• Be a communication bully: Choose your communication volume wisely. Do you really need to text, email and voicemail the same message?
  • Think brief communication is clear communication: Sometimes brief is not enough
  • Forget a team member

Leading a Team Remotely – big picture guidelines

Check out additional best practices to help keep your teams thriving while working away from the office.

  1. Monitor team communication.
    • Are email threads getting too long?
    • Are all relevant parties copied on communications?
    • What seems effective/ineffective?
    • What feedback do you need?
  2. Conduct impromptu check-Ins via Microsoft Teams, Skype, text, etc.
  3. Send team updates.
    • Determine what frequency is appropriate (e.g., weekly, daily). This could vary by project or other variables.
    • Check your tone: Is it encouraging? Informative?
  4. Schedule regular one-on-one calls with each direct report to discuss:
    • Virtual “water cooler”
      • How are you doing?
      • Are there any challenges you are experiencing working remotely.
    • Scheduling organized calls
      • How often should we have a scheduled call?
      • When? (set up calendar invites immediately)
      • What will be discussed?
    • How should we communicate between calls?
      • Email? Skype? Text? IM? Call?
      • What is your preference? What is my preference?
    • Office hours
      • Emergency? Call my cell
    • Agree that when unsure about any communication, ask! This will minimize misinterpretation.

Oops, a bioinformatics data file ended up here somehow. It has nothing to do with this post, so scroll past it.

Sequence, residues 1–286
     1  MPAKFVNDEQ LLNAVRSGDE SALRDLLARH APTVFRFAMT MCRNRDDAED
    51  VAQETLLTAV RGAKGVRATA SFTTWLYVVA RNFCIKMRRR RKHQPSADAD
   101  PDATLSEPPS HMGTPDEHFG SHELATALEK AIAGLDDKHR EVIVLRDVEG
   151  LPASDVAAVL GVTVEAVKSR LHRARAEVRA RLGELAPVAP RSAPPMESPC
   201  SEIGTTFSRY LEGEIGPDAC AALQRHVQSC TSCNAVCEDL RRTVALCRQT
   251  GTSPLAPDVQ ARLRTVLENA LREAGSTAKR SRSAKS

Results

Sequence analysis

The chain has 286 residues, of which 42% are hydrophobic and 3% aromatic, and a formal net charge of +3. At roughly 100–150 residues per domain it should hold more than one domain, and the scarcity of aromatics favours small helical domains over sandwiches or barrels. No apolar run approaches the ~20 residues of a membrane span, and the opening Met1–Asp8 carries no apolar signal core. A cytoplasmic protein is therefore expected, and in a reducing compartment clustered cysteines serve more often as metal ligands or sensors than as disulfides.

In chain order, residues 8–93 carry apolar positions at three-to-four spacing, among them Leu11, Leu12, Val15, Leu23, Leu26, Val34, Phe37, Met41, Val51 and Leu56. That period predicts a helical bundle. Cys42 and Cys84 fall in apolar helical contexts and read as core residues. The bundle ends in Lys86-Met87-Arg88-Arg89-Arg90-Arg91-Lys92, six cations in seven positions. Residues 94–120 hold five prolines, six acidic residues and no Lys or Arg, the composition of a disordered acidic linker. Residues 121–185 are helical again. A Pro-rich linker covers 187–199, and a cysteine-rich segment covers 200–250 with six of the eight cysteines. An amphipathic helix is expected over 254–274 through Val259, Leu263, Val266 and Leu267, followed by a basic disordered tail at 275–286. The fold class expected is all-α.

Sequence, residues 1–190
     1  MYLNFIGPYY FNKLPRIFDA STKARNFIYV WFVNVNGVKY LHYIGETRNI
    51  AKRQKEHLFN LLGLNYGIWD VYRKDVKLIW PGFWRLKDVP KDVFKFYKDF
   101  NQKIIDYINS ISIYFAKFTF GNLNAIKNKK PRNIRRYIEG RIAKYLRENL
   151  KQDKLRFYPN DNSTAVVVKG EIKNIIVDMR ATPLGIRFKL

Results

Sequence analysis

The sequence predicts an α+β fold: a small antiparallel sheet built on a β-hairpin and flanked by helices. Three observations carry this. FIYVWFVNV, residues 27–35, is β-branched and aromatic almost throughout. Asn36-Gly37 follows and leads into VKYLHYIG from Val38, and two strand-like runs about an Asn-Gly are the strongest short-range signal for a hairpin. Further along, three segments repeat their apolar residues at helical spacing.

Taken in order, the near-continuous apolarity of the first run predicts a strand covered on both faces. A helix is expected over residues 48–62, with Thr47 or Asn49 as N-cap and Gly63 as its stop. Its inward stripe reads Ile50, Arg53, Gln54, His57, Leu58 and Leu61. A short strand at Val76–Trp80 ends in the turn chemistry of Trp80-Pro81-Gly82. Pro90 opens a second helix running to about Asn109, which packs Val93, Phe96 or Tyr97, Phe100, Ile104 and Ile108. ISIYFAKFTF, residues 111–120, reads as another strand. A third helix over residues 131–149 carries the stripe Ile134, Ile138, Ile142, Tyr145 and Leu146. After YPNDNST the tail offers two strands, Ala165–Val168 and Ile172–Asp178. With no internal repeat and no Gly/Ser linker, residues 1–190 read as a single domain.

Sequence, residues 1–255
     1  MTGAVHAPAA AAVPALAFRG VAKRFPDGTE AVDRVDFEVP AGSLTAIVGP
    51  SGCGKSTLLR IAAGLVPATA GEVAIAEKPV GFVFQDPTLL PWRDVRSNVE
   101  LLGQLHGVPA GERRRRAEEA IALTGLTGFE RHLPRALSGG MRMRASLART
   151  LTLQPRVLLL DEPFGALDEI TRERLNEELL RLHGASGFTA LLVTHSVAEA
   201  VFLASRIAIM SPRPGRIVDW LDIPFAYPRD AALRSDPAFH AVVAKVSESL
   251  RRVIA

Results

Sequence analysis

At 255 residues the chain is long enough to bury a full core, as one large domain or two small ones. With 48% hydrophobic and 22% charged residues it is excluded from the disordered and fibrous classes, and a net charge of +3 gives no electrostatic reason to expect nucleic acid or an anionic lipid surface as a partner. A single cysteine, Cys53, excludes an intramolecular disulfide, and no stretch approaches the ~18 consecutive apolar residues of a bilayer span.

5. Hold a weekly video team meeting.
    • Include all appropriate employees
    • Ask an opening question to build connection (e.g., “What’s one thing you did this week that you didn’t expect to?,” “What’s the funniest thing that happened this week?,” etc.)
    • Seek feedback
      • What’s working? What isn’t? What do we need to adjust?
      • How are we communicating?
      • Focus on business objectives: updates, results, priorities, challenges, etc.
      • Also allow and even encourage laughter, lightheartedness
      • Stay on time

Following these Dos, Don’ts and big picture guidelines will give you a good starting point for developing your remote leadership style. Then, make adjustments along the way to match the needs of your business, employees and projects.

Remote Leadership: The Dos and Don’ts of Managing Your Team from a Distance~/Portals/0/PackFlashItemImages/WebReady/Remote Leadership The Dos and Don’ts of Managing Your Team from a Distance.jpghttps://gp-stage.cbiz.com/Portals/0/liquidImages/WebReady/Remote Leadership The Dos and Don’ts of Managing Your Team from a Distance.jpgDid you know that productivity from employees who work from home is 13% higher than office-bound colleagues? Here are the dos and don’ts have encouraging a productive remote workforce. ...2020-04-06T11:11:50-05:00

Did you know that productivity from employees who work from home is 13% higher than office-bound colleagues? Here are the dos and don’ts have encouraging a productive remote workforce. 

Employee ManagementEmployee Wellbeing